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The film has two big themes at work on two levels. In a narrower and more personal sense, there is a yearning for some kind of return to innocence, a desire on Baron’s part to regain some of the purity and promise he once possessed. This plays out in the way he’s drawn repeatedly to seek out Rosalie, yet she’s been bruised and broken by the years and we (and I think the same is true of Baron too) know that he’s really just chasing rainbows on that score. The wider picture is all about front and facade, the flash appearances that ensure nothing is quite as it seems and thus nothing can be depended on. Everybody in the movie is carrying secrets and consequently tell lies to conceal them – policemen are corrupt, wives are potentially faithless, friends may be enemies in waiting and the more respectable the surface, the rottener the core. There are angles everywhere and none of them clean. Should we read something into the fact the one man who speaks of integrity and honesty is a police captain (an uncredited Ted de Corsia) who is only seen  in the morgue?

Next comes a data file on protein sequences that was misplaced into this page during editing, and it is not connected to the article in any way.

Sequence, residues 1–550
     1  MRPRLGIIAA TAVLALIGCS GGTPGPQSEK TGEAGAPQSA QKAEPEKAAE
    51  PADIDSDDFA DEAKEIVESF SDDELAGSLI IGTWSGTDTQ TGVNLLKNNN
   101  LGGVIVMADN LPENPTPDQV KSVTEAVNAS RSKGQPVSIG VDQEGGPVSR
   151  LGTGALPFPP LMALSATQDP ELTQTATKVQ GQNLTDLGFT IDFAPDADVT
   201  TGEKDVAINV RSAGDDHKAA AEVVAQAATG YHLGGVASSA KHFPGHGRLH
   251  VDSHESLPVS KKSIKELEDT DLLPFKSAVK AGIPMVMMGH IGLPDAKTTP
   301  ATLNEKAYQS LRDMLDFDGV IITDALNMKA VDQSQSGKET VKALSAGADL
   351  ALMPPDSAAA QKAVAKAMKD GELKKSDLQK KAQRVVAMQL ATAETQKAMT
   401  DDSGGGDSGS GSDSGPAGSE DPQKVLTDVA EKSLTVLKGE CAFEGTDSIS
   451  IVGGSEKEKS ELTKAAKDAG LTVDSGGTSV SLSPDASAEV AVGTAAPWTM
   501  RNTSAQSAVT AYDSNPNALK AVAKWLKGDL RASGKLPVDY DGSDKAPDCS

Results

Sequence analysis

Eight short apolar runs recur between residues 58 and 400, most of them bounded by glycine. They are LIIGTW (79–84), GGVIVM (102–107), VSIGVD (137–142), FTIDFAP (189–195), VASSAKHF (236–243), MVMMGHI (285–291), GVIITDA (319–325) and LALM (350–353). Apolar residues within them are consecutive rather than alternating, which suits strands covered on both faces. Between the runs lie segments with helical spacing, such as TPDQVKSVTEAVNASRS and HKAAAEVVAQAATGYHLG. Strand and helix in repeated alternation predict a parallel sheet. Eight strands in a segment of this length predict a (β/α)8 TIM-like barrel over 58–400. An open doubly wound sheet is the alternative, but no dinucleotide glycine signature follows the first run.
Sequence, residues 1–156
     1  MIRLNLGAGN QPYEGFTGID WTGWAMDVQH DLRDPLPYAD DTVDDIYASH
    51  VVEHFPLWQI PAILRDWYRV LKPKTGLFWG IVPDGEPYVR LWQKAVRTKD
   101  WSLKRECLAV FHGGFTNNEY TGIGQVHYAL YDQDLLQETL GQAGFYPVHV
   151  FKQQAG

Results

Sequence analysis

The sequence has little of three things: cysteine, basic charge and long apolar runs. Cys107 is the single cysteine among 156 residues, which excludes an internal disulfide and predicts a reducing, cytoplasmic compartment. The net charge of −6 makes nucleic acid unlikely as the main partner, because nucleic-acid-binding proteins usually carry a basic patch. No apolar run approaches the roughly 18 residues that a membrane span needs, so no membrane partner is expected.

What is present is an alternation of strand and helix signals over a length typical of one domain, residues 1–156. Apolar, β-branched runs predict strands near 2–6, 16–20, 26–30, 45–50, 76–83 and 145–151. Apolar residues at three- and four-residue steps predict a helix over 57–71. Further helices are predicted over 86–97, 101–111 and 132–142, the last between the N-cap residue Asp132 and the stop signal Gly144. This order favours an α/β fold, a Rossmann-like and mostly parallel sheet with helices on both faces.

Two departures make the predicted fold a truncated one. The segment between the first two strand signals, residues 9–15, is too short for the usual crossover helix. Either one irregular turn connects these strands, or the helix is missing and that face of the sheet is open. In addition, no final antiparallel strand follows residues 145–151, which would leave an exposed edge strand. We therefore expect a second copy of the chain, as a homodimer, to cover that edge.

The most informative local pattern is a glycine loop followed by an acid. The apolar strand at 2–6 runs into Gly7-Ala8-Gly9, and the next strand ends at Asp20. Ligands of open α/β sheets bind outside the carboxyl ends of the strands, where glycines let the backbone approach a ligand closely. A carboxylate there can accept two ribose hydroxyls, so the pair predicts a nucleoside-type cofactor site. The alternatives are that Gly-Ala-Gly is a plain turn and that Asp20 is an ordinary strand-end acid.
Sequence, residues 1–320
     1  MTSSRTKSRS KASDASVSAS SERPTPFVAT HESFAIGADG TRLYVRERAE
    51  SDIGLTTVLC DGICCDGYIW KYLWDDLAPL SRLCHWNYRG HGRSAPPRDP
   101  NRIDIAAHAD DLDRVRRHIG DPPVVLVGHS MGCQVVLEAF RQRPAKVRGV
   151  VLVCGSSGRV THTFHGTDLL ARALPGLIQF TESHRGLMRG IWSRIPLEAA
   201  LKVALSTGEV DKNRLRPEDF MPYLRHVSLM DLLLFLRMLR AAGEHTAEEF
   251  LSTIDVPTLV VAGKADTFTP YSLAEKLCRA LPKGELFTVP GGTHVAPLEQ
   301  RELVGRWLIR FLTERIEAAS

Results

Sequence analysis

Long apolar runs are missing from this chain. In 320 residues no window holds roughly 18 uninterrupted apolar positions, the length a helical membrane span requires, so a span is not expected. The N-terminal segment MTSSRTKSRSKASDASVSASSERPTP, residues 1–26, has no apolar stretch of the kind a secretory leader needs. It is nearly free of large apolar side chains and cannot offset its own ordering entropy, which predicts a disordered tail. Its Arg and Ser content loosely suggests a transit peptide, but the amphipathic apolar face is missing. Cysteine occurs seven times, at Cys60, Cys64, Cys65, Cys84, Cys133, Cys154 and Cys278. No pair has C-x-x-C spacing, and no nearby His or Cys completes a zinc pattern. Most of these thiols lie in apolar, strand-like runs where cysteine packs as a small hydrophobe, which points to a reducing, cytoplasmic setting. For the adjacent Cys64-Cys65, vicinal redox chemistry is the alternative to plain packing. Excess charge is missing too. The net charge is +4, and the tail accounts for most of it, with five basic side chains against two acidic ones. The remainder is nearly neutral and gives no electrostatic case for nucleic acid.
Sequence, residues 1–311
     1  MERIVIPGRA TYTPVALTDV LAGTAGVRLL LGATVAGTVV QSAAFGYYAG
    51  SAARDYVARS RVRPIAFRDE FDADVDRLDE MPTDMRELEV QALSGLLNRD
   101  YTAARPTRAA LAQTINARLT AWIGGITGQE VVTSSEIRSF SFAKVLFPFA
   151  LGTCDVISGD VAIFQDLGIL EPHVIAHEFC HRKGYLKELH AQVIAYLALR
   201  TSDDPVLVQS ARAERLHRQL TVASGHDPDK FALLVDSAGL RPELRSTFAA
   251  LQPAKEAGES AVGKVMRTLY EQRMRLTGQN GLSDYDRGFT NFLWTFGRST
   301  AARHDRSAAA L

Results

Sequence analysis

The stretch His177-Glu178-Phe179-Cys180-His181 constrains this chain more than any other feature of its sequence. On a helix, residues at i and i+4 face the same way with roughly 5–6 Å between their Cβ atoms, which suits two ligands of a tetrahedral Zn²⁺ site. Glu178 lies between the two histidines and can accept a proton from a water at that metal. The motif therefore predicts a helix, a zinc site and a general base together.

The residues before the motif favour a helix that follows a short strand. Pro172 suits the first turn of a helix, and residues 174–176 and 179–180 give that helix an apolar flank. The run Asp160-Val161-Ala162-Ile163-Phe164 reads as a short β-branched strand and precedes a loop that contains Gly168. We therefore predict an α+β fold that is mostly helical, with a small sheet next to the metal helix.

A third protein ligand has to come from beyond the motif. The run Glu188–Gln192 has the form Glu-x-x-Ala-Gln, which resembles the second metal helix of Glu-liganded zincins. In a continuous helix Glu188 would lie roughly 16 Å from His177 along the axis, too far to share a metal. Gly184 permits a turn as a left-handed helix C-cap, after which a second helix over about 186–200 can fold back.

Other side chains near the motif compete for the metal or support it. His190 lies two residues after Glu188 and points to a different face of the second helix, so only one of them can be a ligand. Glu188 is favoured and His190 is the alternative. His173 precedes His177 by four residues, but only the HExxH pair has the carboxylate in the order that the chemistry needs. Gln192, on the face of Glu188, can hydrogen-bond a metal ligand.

Burt Kennedy’s great strength was as a writer, especially in those films where he worked with Randolph Scott and Budd Boetticher – even if he had never done anything else outside of those films his cinematic legacy would have been considerable. Nevertheless, Kennedy also worked as a director, albeit with less satisfying results. In that capacity his work tended to be what we might term entertaining without being all that distinguished. A lot of his films have a certain flatness to the visuals, something of the made-for-TV look, although this doesn’t apply to all of them. The Money Trap does suffer from this a little but cameraman Paul Vogel had a sound enough pedigree in classic era noir (High Wall, Dial 1119, Black Hand, A Lady Without Passport, Lady in the Lake etc.) to ensure the right kind of mood was struck when required. Still, I feel there’s some indecisiveness in the overall style of the movie, it’s not a fatal flaw or anything but it is noticeable.

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Glenn Ford and Rita Hayworth made five films together, with Gilda probably being the most famous of those. Naturally, both stars had aged in the two decades which had passed but Ford was in better shape, his features reflecting a man with a bit of living behind him and about the appropriate level of weariness for a man who sees the less savory side of life on a daily basis. Hayworth was playing a woman worn down by years of bad luck and booze, and she looked like she knew the feeling only too well. I understand she had something of a drink problem in reality and there’s a degree of authenticity in her performance.